BACK TO HIS ROOTS
Currently, Hastings pens a weekly newspaper column, “The Battles of Hastings.” He tired of life in Los Angeles and returned to his native Ohio, buying a farm in the southern town of Hillsboro where he is currently running for mayor.
“I have been doing standup for the past 20 years and much of my show is social commentary, with some hints of politics. The theme of my material over the past couple of years is that we have lost all common sense and that is not just one political party, it is all of them,” said Hastings. “As I looked around my small town of Hillsboro, Ohio similar in size to Traverse City, and very agriculturally-based, I started thinking about what life would be like for me when I am 80. Sure, I could rest on my career that has been successful, or I could add to the resume and give something back. And I decided on the latter.”
So why did Hastings specifically choose running for mayor and not a more high profile state or national office?
“I think that at the end of the day all politics is local. I feel I can make a difference here in my town. Over the past 20 years I have been touring towns all over the Midwest and one of the side benefits is you see what makes Midwest towns fail and what makes them succeed. Also, I have watched as many small towns have been lied to and cheated by corporations and government.”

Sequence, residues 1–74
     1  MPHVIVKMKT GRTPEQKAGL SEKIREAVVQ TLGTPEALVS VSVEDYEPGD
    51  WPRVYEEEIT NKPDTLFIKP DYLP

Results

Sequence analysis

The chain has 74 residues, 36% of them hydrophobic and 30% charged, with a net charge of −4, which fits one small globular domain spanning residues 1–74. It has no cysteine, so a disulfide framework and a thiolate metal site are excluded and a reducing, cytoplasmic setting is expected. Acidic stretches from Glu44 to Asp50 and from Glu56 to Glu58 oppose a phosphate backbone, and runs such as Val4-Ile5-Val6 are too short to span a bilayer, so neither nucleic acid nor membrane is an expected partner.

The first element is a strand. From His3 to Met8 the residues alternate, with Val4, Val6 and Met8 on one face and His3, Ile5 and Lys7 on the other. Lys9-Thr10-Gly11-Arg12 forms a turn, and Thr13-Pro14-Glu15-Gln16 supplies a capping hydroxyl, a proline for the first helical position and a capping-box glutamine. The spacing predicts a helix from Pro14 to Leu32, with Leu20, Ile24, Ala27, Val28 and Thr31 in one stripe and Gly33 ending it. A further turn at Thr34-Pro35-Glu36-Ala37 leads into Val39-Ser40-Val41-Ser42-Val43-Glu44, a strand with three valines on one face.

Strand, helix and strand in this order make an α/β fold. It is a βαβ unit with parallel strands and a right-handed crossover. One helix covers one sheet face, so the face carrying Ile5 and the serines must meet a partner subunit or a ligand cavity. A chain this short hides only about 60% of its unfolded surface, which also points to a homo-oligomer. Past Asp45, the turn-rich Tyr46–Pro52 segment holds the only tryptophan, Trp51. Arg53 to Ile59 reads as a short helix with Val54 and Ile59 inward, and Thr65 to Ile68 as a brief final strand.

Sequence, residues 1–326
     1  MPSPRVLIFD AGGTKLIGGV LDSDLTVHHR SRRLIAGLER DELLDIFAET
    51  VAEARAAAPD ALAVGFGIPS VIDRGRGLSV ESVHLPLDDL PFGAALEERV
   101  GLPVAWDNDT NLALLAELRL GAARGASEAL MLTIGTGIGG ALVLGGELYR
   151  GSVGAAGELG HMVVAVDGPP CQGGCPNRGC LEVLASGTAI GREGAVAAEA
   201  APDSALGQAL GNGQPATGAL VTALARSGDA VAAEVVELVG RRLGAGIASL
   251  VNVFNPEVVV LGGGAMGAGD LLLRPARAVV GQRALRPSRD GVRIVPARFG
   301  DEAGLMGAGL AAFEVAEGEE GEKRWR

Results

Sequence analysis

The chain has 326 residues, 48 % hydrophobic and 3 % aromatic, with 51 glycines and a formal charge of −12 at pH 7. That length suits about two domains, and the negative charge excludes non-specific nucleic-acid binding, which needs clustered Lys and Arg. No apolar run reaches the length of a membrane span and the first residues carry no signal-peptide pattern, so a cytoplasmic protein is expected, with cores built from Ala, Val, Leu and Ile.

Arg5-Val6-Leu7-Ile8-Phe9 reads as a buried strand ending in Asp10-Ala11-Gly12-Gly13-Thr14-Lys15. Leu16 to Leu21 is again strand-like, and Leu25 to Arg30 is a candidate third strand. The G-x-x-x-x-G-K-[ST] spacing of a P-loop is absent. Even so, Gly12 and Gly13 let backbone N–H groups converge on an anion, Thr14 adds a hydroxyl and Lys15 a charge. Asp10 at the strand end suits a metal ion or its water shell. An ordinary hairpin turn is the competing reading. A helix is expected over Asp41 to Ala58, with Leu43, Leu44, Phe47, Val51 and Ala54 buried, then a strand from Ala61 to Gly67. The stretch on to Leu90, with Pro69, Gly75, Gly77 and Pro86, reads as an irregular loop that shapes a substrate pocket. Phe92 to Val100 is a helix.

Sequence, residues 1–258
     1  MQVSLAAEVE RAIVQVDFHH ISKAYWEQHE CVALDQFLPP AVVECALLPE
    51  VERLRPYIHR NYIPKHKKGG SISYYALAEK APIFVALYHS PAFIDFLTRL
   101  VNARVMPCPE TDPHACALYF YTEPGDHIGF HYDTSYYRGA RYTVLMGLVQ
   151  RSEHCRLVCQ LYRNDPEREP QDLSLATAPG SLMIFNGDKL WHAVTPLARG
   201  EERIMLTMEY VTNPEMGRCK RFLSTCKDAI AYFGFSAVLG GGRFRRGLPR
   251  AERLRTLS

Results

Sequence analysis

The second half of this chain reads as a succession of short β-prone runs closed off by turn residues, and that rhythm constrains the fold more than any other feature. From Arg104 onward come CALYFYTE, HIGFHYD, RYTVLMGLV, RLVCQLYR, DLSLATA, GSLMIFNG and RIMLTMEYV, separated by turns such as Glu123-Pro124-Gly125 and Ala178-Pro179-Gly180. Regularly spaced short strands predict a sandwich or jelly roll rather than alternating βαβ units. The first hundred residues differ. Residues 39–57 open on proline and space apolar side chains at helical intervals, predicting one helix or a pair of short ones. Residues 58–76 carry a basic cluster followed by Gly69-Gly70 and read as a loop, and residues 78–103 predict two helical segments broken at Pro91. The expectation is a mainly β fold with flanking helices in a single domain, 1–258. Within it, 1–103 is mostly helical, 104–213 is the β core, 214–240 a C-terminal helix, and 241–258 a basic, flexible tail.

REINVENTION
Hastings is campaigning on helping his hometown “reinvent” itself.
“I have seen so many communities lose their identities and jobs,” said Hastings. “So what towns have to do like where I live is reinvent themselves. I see Traverse City as a perfect example of this in recent years. What I want to do is reinvent Hillsboro with ‘agritainment’ as our new direction with heritage tourism at the center. I think every town needs to brand itself and that is a focus of my campaign.
Certainly some in Hillsboro must have thought his campaign was a publicity stunt.
“Yes and that really pissed me off.” “When I first announced there was some suspicion that this was a PR stunt to enhance my career, said Hastings.” But when people saw me going door to door talking to everyone about ideas, that all changed. If anything my celebrity has been a great PR campaign for my town. All sorts of reporters from all sorts of major media have been here covering this and I am grateful because it is helping our economy.”
Hastings considers himself to be a conservative and made national news during the 2008 presidential vampaign.
“I was among the first celebrities to vocally come out against Obama and immediately the media jumped on that,” said Hastings. “So certainly my political views are opposite of the president’s.”

DOUBLE TROUBLE
Hastings is in a three-way primary race with the winner facing the general election in November. He is considered to be the front runner and feels confident that he can be mayor and stand up comedian at the same time.
“I see myself working as mayor during the week, farmer at night time, and doing my stand up shows on the weekends,” said Hastings. “It should work out perfectly and I will have the time necessary to do all my jobs.
“I have no interest in taking it any further then mayor,” he adds. “I just spent 20 years living in LA and now I am adjusting to rural life and I like it. Plus, they have enough comedians at the state and national level.”
At 6’6’’ tall, clad in a tailored black suit and trademark black horn-rimmed glasses, comedian Drew Hastings will take the City Opera House stage Friday, April 22 at 7 p.m. To purchase tickets check out www.cityoperahouse.org or call the Opera House Ticket Office at 231-941-8082.